This paper presents a model comparing the optimal degree of asset class diversification abroad by a central bank and a sovereign wealth fund. We show that if the central bank manages its foreign asset holdings in order to meet balance of payments needs, particularly in reducing the probability of sudden stops in foreign capital inflows, it will place a high weight on holding safer foreign assets. In contrast, if the sovereign wealth fund, acting on behalf of the Treasury, maximizes the expected utility of a representative domestic agent, it will opt for relatively greater holding of more risky foreign assets. We also show how the diversification differences between the strategies of the bank and SWF is affected by the government’s delegation of responsibilities and by various parameters of the economy, such as the volatility of equity returns and the total amount of public foreign assets available for management.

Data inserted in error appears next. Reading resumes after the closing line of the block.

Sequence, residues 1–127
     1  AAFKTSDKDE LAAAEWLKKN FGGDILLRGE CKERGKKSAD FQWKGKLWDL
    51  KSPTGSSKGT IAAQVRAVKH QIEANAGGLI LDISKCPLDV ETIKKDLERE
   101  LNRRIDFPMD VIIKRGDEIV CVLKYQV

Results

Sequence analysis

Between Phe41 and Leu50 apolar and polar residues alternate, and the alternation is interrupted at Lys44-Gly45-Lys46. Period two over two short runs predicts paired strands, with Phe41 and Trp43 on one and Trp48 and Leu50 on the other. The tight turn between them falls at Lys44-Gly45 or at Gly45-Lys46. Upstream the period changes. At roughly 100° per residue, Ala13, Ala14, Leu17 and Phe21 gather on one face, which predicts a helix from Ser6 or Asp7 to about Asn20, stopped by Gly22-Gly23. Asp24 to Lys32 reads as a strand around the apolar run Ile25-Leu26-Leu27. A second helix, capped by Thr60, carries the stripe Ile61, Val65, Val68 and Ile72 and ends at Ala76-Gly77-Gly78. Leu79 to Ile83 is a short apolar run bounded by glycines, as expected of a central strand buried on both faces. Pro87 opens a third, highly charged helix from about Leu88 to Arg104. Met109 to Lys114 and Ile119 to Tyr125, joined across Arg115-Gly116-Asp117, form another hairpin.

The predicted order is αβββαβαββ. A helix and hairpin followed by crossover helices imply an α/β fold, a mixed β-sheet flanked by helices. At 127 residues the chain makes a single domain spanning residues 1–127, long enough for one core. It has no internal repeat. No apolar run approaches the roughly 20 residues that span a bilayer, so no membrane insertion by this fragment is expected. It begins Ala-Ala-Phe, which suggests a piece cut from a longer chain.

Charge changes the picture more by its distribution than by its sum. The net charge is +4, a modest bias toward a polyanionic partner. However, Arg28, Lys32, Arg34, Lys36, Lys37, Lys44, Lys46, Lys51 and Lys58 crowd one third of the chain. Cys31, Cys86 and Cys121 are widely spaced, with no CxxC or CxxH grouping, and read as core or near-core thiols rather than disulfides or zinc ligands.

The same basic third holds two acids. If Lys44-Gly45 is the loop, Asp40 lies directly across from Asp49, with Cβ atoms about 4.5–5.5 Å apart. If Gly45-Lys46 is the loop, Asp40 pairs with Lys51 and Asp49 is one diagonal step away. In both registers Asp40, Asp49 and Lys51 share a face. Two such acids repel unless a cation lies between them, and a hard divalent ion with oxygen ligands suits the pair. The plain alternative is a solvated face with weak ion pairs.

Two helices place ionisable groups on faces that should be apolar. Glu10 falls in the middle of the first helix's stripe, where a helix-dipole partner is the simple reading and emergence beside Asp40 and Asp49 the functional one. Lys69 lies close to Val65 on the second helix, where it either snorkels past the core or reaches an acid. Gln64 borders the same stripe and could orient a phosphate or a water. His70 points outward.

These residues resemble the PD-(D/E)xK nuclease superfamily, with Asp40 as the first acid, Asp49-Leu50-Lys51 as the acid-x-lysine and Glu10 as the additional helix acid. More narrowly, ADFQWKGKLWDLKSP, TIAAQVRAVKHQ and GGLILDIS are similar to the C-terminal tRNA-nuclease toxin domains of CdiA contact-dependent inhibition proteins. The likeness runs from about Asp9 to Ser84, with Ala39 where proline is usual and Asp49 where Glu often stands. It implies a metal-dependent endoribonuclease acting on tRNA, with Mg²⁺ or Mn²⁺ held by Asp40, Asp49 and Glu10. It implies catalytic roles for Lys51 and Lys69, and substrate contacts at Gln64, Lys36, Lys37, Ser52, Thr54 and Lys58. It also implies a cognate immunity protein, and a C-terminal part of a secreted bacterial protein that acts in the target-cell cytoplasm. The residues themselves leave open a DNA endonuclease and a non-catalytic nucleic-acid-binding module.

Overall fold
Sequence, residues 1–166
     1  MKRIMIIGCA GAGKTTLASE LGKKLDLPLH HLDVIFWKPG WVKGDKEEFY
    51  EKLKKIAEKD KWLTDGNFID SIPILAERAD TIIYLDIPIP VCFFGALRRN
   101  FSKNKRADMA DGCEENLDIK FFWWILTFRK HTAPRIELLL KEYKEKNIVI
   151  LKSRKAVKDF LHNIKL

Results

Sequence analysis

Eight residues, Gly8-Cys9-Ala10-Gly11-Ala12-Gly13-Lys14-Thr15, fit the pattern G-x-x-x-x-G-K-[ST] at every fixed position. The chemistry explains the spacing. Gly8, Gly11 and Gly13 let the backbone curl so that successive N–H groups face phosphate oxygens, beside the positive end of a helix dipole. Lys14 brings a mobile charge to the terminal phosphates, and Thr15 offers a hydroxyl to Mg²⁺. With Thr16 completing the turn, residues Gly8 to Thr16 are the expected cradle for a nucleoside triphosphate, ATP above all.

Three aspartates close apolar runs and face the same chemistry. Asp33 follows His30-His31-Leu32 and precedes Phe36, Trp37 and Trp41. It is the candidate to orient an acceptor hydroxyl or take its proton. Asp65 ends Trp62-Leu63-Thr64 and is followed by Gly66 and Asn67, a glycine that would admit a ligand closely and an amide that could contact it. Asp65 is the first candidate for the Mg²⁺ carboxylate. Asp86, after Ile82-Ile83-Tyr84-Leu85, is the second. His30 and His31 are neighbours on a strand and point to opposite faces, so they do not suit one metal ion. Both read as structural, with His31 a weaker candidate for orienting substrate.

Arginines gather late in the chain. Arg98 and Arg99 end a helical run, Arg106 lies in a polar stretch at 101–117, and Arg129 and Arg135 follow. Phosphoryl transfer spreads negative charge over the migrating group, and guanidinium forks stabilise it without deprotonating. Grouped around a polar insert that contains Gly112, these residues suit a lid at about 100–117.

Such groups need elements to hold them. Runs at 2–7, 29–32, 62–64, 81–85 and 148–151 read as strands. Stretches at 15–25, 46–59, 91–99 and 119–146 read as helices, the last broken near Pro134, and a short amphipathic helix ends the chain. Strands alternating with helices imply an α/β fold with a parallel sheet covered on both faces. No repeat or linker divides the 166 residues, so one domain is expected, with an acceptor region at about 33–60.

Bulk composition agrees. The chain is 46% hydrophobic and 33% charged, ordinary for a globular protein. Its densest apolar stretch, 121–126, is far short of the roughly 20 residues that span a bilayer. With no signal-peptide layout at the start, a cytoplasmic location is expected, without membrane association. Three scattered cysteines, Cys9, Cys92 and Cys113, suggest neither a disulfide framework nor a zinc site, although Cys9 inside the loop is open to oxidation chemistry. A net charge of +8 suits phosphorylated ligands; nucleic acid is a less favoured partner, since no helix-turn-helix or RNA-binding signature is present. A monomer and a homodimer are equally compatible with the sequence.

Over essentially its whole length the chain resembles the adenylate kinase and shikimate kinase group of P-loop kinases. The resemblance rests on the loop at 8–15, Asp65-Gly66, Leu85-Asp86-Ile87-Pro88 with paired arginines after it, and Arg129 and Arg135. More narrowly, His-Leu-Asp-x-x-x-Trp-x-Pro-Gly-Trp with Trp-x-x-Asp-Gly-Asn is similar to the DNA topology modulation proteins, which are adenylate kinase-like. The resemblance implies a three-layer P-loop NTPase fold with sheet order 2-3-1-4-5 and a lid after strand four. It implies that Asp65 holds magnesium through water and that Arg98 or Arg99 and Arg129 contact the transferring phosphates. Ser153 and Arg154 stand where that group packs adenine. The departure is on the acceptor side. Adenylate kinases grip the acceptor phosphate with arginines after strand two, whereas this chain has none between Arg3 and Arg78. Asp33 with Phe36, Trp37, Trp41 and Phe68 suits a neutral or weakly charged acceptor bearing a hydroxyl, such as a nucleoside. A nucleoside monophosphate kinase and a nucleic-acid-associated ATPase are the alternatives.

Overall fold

Aizenman, Joshua, and Reuven Glick. 2010. “Asset Class Diversification and Delegation of Responsibilities between Central Banks and Sovereign Wealth Funds,” Federal Reserve Bank of San Francisco Working Paper 2010-20. Available at https://doi.org/10.24148/wp2010-20